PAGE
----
Annalise Maughan, Ph.D., a recent graduate from Colorado State University’s Department of Chemistry, has been awarded with the prestigious Directors’ Postdoctoral Fellowship with the National Renewable Energy Laboratory (NREL). This fellowship is designed to attract the next generation of exceptionally qualified scientists and engineers with outstanding talent and credentials in renewable energy research and related disciplines. Maughan will serve a two-year term, with a possible third-year renewal paid with program funding.
During the two-year Director’s Fellowship, Maughan will be working under the mentorship of Chunmei Ban, Ph.D. and Joseph Berry, Ph.D., to develop new materials design principles to enhance ion conduction in solid-state electrolyte materials for battery applications. In a battery, the electrolyte physically separates the two electrodes and allows ions to flow between the cathode and anode upon charging and discharging. Replacing the conventional liquid electrolyte with a solid material can improve battery safety, but ion conduction through solids is typically slow. Maughan’s proposed research will study the interactions between the mobile ions and the surrounding electrolyte material and use those interactions to enhance ionic conductivity. The design principles determined through this work have broader implications for sustainable energy as a whole, as ion conduction is an important aspect of renewable energy technologies.
Maughan expressed that “I’m thrilled and honored to have been selected for this fellowship! So much of technology relies upon functional materials, and I’m excited to apply my passion for solid-state materials chemistry to important questions in sustainable energy. This fellowship provides me with a unique post-doctoral experience, in that it affords me with the freedom and independence to develop my research visions from pen-and-paper scribbles to practical realization, which will be invaluable as I continue in my research career.”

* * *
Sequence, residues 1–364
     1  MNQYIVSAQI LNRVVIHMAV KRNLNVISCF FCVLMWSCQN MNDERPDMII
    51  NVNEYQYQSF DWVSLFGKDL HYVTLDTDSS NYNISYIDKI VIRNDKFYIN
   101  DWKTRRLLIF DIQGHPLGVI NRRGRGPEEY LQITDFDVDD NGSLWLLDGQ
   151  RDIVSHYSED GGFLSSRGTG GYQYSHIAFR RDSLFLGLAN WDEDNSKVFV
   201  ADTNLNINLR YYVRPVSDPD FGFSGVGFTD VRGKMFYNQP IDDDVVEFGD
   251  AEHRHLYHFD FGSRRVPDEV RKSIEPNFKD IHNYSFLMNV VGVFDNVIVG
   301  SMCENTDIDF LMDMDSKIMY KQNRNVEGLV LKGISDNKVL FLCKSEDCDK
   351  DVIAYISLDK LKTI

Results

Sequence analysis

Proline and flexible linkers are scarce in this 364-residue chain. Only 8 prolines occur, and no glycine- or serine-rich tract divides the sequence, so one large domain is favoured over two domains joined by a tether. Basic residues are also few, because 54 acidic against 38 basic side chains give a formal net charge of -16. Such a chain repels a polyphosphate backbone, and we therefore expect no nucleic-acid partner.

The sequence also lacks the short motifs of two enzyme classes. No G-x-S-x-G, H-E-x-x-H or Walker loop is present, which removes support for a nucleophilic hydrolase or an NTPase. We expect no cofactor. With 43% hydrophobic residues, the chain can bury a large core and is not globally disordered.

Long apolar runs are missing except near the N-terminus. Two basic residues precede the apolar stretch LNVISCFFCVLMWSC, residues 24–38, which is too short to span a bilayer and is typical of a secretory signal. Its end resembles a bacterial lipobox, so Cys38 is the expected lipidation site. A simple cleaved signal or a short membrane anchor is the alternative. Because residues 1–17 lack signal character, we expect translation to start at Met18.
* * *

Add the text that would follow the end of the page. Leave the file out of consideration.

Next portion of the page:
As a graduate student, Maughan studied solid state materials chemistry in the Neilson Group. She focused on understanding fundamental structure-property relationships in a family of semiconducting materials called perovskites. Recently, these materials have shown promise for applications in low-cost solar cells, but the crystal-chemical origins of their performance is still an active area of research. Maughan’s doctoral research focused on understanding the relationships between crystal structure and properties such as electronic conductivity and light absorption to develop improved design principles for perovskite semiconductors.
Maughan received her bachelor’s degree at Northern Arizona University before joining Colorado State University in the fall of 2013. She will be graduating this fall with her Ph.D. in Chemistry. Maughan will also be presented with the 2018 Graduate Student Excellence in Undergraduate Teaching and/or Mentoring Award with the College of Natural Sciences at this year’s 2018 CNS Awards Ceremony and Professor Laureate Lecture on December 3. She has been recognized and commended for her contributions to the teaching mission of the College and University and for her dedication to teaching and mentoring of students. Many of her other accomplishments during her studies at CSU include receiving the 2017 Ludo Frevel Crystallography Award, an ACS Editor’s Choice Award, and the 2018 University Distinguished Professors Scholarship.